likely at this time that Latrobe took over Sorrel’s position on Longstreet’s
staff. In one incident reported by
Confederate Military History from Antietam/Sharpsburg, Longstreet and his staff
came up on the Confederate center, which had been left with but a small
regiment, the remainder sent to reinforce the left. There were two artillery,
but the gunners were dead or wounded. Longstreet held the horses while his
staff, primarily Sorrel and Latrobe, manned the guns, holding off the advancing
Federals until reinforcements arrived, saving Lee’s army (and at least bringing
the battle to a draw rather than a Confederate loss). Not mere paper-pushers, these guys! And
Sorrel would go on to be a good field commander – for a few months, until the
end of the war.
(1835-1915) was born in Mississippi, but attended Maryland Military Academy,
and returned to Baltimore after the war. His grandfather, Benjamin Henry
Latrobe, was the designer of the U.S. Capitol. His father, John H.B. Latrobe,
was a man of many faces – inventor, lawyer, architect, philanthropist, and
more. He succeeded Henry Clay as president of the American Colonization
Society, helping to expand the colony of “Maryland in Liberia.” Osmun served on
the staff of Gen. D.R. Jones until Jones’ death, when he transferred to
Longstreet’s staff, as AAG and Inspector General, eventually becoming AG and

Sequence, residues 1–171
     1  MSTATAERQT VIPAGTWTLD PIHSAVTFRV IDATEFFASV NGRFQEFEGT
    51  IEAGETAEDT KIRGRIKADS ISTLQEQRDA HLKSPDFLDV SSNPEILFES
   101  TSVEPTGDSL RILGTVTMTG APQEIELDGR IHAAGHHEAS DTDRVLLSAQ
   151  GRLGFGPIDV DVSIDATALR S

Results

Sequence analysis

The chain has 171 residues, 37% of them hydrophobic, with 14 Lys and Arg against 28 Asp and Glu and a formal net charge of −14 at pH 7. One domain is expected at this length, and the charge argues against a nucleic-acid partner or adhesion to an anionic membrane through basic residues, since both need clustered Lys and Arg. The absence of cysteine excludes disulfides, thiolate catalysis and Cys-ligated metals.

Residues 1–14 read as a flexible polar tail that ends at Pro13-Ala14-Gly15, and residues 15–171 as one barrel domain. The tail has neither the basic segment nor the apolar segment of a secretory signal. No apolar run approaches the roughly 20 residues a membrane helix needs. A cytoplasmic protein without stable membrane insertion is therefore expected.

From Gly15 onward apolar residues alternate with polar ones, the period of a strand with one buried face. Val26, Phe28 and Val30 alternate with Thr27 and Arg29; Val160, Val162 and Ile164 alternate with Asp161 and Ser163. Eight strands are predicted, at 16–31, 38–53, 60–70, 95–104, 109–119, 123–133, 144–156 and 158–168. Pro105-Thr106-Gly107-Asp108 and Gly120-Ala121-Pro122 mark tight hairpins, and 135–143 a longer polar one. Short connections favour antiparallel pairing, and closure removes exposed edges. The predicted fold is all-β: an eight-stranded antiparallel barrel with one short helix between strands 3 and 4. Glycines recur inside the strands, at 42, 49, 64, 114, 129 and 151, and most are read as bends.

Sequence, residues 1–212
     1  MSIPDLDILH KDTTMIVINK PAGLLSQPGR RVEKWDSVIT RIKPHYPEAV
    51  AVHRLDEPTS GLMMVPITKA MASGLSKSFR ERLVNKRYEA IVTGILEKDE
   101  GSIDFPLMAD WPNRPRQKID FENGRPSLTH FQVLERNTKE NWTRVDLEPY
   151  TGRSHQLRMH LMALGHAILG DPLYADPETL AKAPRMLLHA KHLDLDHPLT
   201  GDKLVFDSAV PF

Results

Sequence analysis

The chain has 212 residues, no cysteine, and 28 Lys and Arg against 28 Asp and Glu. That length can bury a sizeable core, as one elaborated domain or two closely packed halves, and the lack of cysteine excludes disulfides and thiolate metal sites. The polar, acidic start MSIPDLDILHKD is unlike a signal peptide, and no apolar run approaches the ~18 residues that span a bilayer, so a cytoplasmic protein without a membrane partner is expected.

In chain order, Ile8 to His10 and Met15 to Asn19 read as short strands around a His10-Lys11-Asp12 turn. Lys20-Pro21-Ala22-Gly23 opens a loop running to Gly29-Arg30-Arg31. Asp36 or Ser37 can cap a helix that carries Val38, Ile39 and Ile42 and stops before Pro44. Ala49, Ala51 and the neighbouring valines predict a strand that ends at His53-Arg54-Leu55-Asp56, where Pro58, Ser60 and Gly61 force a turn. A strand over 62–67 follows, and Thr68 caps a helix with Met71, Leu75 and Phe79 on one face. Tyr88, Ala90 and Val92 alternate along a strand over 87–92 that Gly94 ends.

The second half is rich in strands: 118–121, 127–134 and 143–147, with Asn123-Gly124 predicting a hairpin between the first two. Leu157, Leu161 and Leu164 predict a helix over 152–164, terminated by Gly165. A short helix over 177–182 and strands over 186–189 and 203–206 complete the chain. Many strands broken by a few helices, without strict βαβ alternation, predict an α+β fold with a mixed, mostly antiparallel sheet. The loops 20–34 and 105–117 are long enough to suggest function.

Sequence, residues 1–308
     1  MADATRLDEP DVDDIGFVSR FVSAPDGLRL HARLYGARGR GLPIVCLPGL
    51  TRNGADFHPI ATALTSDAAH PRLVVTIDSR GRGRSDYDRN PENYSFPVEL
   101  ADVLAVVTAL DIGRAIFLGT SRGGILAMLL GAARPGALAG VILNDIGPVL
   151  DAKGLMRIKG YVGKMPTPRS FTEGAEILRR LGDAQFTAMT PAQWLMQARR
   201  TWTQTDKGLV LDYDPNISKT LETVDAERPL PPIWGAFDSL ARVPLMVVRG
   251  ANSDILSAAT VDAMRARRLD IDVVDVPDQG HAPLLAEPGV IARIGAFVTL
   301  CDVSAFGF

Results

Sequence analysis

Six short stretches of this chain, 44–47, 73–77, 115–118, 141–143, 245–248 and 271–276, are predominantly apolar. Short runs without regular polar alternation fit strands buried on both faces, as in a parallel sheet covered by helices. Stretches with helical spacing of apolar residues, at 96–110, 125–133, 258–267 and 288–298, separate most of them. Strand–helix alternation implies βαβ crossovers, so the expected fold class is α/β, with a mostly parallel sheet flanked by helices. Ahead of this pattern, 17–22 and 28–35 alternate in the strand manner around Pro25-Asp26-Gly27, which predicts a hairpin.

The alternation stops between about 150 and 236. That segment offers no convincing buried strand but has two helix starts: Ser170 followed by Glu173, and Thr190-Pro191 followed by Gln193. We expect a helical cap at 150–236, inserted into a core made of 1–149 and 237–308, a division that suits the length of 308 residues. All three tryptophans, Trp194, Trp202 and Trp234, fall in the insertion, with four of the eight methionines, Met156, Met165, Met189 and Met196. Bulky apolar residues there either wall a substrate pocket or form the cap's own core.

Chief of Staff of the First Army Corps, replacing Sorrel in that role near the
end of the war.
One of the
“bigger” names here is that of Walter Taylor. From the time he reported for
service in Richmond in May 1861, Walter Herron Taylor (1838-1916) was assigned
to Lee’s staff as ADC and, later, AAG. Taylor was the perfect complement to
Lee, handling administrative duties and correspondence, which Lee hated, with
efficiency. When Lee was assigned the Army of Northern Virginia after Joe
Johnston was wounded, he retained Robert Chilton and A.P. Mason from Johnston’s
staff, and brought several, including Taylor, with him from Richmond. Lee
reportedly kept his staff to a minimum (certainly increasing pressure on
Taylor), to keep as many trained officers in the field as possible. This does
show up on these papers. Lee orders every able-bodied man, including teamsters
and cattle-herders to return to their units by 1864. Apparently one of Lee’s
tactics by the summer and autumn of that year was defensive – stay put, dig in,
and release many of these men for service on the front. If the wagons aren’t
moving, you don’t need wagoners - they can man pickets, dig rifle pits and
achieved such status that he seems to have occasionally signed papers for Lee,
and had clerks signing orders for him (by command of Lee). Most of these are
marked “(Sgd.) W.H. Taylor,” indicating that someone else signed them. The
irony is that Taylor was such a high-ranking aide, that others signed his
signature. Probably the reality is that so many copies of orders and other
documents left Lee’s command, that, had Taylor signed all of them, he would
have been crippled well before the end of the war!
several other aides, especially Charles Marshall) accompanied Lee to Richmond
after the surrender at Appomattox Court House. Taylor’s own wife of just over a
week was also waiting for him in there (Lee had allowed Taylor go to Richmond
to marry Bettie Saunders on 2 April). On Easter Sunday, April 16, 1865, Taylor
and G.W. Custis Lee (Lee’s son) were photographed by Mathew Brady on the back porch
of Lee’s Richmond home, 707 E. Franklin St., in the now-famous series of
photos. A majority of these orders have Taylor’s name on them somewhere, since
Kershaw’s Division was in the First Corps of the Army of Northern Virginia.